The review should take note of the overall target market. However, this does not necessarily mean that the advertising campaign will be directed at the total target market. Marketers and advertisers make a distinction between the target audience for an advertising message and the target market for a product or brand. By definition, the target audience is the intended audience for a given advertisement or message in a publication or broadcast medium, while the target market consists of all existing and potential consumers of a product, service or brand. Companies often develop different advertising messages and media strategies to reach different target audiences. For example, McDonald's Restaurants uses the anthropomorphic brand characters, Ronald McDonald and Hamburgler, in its advertising directed at children who are important brand-choice influencers. However, for adult target audience members, McDonald's uses messages that emphasise convenience and quality. Thus the target audience for a given advertising message may comprise only a subset of the total market as defined in the marketing plan. Careful perusal of the marketing plan will assist marketers in the process of defining the optimal target audiences for specific advertising objectives.
The communications objectives will, at least in part, depend on whether the marketer is using a push or pull strategy. In a push strategy, the marketer advertises intensively with retailers and wholesalers, with the expectation that they will stock the product or brand, and that consumers will purchase it when they see it in stores. In contrast, in a pull strategy, the marketer advertises directly to consumers hoping that they will put pressure on retailers to stock the product or brand, thereby pulling it through the distribution channel. In a push strategy the promotional mix would consist of trade advertising and sales calls while the advertising media would normally be weighted towards trade magazines, exhibitions and trade shows while a pull strategy would make more extensive use consumer-oriented advertising and sales promotions while the media mix would be weighted towards mass-market media such as newspapers, magazines, television and radio.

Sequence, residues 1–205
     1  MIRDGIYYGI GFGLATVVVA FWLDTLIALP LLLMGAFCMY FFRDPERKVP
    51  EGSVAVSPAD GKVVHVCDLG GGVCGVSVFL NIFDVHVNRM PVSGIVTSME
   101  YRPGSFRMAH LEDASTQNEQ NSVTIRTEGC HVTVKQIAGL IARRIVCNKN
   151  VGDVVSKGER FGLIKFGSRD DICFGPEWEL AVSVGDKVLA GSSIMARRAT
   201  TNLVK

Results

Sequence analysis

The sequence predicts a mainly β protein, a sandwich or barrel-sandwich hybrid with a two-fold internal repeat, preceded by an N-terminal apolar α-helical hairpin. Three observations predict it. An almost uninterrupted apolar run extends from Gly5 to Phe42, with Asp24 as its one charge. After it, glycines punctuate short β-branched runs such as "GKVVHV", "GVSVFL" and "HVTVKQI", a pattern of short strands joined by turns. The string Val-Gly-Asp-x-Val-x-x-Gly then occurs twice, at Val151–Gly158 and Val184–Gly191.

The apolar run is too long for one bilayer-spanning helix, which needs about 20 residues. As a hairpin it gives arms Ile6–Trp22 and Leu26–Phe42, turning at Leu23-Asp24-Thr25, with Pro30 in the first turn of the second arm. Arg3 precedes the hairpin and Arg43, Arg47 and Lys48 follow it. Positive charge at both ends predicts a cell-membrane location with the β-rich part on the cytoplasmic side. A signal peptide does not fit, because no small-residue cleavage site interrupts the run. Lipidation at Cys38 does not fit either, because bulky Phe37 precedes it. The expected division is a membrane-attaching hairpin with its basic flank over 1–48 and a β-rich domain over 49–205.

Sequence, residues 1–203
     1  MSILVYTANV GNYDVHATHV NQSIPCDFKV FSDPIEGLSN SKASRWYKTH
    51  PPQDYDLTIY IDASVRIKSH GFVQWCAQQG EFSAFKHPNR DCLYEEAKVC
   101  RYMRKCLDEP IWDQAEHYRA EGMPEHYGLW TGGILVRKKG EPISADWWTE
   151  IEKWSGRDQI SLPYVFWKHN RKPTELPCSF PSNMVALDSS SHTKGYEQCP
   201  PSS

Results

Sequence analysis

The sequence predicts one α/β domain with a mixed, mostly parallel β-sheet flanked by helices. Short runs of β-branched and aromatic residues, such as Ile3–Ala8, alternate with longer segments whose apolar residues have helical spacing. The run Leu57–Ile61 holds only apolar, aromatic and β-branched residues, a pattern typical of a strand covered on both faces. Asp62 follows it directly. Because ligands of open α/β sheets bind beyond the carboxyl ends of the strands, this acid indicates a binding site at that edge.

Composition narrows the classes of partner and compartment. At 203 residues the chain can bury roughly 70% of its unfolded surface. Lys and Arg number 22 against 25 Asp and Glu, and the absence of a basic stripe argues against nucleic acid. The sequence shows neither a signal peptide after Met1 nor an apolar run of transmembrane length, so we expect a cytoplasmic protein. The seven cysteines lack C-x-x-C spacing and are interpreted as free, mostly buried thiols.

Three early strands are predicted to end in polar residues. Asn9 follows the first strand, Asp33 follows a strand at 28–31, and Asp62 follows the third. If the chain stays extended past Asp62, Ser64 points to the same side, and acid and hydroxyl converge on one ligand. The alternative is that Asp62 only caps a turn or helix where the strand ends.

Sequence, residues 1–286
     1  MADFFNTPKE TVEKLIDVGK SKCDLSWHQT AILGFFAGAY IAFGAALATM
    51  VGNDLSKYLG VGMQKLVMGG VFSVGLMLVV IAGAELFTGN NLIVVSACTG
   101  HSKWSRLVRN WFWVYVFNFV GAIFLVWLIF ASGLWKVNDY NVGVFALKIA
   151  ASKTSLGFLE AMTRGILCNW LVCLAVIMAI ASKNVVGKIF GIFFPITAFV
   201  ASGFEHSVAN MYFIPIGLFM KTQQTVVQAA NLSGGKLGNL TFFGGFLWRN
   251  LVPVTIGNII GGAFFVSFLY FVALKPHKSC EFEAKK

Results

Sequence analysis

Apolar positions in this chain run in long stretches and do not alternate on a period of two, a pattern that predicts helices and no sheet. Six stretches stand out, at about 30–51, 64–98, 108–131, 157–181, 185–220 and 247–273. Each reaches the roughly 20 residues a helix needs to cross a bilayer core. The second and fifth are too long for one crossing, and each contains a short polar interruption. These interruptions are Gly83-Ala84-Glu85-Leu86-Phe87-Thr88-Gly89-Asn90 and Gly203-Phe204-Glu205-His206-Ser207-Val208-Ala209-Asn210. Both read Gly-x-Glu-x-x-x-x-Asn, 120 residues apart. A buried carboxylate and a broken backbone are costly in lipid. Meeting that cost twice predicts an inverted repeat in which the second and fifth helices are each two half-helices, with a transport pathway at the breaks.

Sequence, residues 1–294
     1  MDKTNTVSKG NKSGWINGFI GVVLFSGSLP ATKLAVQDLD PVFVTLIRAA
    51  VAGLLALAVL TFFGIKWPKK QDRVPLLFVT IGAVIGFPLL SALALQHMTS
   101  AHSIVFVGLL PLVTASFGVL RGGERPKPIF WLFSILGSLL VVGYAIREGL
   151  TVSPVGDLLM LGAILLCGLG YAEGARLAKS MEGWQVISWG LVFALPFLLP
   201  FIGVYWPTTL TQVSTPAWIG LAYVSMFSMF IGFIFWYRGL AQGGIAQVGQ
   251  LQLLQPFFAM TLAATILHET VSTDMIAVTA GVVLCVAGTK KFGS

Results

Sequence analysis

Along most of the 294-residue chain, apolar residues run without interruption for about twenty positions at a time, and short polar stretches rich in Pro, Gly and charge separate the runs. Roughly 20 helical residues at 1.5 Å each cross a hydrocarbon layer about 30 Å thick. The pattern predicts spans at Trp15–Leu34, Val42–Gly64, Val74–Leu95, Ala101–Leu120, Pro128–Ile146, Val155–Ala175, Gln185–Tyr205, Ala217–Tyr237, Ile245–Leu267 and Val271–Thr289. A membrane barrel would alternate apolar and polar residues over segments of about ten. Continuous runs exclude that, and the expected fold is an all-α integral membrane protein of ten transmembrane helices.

Setting advertising objectives provides the framework for the entire advertising plan. Therefore, it is important to specify precisely what is to be achieved and outline how advertising will be evaluated. Advertising objectives should be Specific, Measurable, Achievable and Time-dependent (SMART). Any statement of advertising objectives must include measurement benchmarks - that is the norms against which advertising effectiveness will be evaluated. One of the first approaches to setting communications-oriented objectives was the DAGMAR approach (Defining Advertising Goals for Measured Advertising Results) developed in the 1960s. While memorable, the DAGMAR approach fails to provide concrete guidance on how to link advertising objectives with communications effects.
In order to set realistic and achievable advertising objectives, most advertisers try to link advertising or communications objectives with the communications effects. Rossiter and Bellman have argued that, for advertising purposes, five communications effects should be considered, namely: